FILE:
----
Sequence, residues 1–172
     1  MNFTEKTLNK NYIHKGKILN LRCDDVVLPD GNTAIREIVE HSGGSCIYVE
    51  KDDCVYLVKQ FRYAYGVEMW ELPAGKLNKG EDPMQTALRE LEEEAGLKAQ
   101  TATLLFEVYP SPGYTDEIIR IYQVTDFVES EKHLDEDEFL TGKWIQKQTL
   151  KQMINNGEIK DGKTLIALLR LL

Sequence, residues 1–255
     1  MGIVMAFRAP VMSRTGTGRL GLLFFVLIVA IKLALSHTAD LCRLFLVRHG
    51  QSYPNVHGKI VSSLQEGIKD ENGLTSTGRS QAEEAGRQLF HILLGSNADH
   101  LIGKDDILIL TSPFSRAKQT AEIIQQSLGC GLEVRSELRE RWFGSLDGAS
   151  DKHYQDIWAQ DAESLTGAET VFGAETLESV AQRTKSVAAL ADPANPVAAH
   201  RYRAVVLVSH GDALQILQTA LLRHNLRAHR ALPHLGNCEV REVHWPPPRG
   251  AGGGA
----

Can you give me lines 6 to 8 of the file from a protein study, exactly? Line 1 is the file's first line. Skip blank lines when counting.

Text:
Sequence, residues 1–255
     1  MGIVMAFRAP VMSRTGTGRL GLLFFVLIVA IKLALSHTAD LCRLFLVRHG
    51  QSYPNVHGKI VSSLQEGIKD ENGLTSTGRS QAEEAGRQLF HILLGSNADH